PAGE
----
Darren Roos: That we do.

Daniel Newman: Like a publicly traded company, which obviously when you do that as a private company, you expose yourself to scrutiny that, of course, people can’t penalize you by shorting your stock or by a varying number of negative actions or activist investors. Of course, you have probably your backers and your money that’s in the company, but my point is, when you are a full disclosure … And that, by the way, is a very interesting decision by IFS and maybe something in a future episode I’d love to talk to you a little bit more about is, why do that if you’re not actually benefiting from the excitement and the positivity of reporting to the public market? Why put yourself through that?

Darren Roos: We can talk about it.

Daniel Newman: But we’ll do that next time, Darren, but I really appreciate you joining here on Making Markets. We’ll definitely have to have you back sometime soon. Congratulations on the run of form that you had in at 2021. And I guess let’s cross our fingers, another big year. Let’s hope those macroeconomic forces aren’t as disruptive as I’m hearing they’ll be, because my suggestion is, tech will carry on. So Darren Roos, CEO IFS, thanks for joining Making Markets.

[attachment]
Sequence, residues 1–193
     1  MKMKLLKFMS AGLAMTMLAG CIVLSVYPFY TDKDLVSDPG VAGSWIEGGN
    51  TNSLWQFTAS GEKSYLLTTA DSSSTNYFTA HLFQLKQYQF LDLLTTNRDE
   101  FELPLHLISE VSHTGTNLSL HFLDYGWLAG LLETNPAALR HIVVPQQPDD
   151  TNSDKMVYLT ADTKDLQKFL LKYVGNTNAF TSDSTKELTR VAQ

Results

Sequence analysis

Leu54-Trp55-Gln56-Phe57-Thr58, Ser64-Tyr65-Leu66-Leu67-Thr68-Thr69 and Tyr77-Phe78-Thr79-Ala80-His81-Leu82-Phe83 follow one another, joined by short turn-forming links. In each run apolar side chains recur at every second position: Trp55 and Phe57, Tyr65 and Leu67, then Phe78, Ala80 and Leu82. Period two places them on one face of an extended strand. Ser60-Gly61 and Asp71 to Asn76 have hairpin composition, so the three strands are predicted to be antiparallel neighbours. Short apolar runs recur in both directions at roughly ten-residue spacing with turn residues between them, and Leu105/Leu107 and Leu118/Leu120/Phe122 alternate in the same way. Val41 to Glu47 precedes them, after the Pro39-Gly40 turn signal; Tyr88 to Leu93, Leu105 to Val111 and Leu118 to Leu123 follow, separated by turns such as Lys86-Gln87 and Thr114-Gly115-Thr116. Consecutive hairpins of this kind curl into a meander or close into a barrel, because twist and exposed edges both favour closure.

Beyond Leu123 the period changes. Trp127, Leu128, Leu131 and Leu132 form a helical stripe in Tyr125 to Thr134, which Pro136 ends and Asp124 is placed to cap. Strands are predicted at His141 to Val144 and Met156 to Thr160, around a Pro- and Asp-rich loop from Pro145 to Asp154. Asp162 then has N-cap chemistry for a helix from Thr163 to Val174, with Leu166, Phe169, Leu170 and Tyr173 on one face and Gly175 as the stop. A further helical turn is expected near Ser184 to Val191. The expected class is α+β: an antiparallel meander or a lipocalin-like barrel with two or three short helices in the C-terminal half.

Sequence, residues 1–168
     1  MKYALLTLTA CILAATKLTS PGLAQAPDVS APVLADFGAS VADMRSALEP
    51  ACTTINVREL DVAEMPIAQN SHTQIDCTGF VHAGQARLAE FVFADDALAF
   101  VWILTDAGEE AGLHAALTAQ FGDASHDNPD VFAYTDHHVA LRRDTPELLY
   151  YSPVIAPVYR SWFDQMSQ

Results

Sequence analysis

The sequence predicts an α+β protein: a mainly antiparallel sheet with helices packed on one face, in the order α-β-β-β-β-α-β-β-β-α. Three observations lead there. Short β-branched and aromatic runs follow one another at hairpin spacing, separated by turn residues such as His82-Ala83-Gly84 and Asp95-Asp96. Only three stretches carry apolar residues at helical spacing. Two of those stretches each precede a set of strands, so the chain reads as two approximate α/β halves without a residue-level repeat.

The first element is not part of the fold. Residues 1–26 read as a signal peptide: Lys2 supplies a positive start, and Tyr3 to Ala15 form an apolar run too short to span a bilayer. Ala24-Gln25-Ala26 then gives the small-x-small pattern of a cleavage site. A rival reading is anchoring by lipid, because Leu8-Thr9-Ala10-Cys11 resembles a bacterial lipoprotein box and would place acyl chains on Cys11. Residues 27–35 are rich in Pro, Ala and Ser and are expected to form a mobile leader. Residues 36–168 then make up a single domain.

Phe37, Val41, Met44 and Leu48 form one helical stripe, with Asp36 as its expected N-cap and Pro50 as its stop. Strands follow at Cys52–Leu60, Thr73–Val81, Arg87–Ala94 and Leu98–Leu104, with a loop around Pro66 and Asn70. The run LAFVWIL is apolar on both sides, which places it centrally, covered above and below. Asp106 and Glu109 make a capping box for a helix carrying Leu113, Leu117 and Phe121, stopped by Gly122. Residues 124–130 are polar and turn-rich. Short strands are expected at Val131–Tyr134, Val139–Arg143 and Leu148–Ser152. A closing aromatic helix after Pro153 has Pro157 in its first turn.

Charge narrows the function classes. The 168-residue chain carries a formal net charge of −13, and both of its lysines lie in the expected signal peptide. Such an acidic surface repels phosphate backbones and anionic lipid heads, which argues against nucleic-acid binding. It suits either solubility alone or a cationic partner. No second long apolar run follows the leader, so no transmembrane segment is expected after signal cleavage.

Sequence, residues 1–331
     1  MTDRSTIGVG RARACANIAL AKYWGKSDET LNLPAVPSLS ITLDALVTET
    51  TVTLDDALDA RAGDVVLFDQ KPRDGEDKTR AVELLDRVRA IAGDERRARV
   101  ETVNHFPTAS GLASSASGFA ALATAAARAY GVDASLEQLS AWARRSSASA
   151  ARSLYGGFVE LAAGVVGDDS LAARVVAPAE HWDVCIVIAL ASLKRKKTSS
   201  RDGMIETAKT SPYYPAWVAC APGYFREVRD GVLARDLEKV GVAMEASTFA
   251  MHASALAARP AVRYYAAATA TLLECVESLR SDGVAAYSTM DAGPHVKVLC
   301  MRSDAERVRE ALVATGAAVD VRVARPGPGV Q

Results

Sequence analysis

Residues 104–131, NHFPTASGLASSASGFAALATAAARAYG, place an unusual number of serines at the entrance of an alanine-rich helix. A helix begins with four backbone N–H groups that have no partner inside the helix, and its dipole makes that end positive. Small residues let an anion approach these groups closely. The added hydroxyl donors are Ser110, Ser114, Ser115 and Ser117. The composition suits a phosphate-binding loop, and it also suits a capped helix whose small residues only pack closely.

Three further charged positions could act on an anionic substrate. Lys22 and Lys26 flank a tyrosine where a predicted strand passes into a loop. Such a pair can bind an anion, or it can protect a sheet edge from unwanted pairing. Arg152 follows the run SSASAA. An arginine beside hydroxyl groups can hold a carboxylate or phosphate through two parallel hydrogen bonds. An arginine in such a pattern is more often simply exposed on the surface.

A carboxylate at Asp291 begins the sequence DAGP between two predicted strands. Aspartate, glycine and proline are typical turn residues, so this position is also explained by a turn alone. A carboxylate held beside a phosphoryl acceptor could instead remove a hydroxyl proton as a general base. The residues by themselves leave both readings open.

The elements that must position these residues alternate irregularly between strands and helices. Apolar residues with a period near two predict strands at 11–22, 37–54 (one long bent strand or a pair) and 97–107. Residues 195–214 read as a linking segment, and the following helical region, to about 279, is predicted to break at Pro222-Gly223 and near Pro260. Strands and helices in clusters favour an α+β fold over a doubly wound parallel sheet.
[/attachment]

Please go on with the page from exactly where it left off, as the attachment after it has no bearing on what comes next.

Darren Roos: Thank you, Daniel.

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About the Author

Daniel Newman is the Chief Analyst of Futurum Research and the CEO of The Futurum Group. Living his life at the intersection of people and technology, Daniel works with the world’s largest technology brands exploring Digital Transformation and how it is influencing the enterprise. Read Full Bio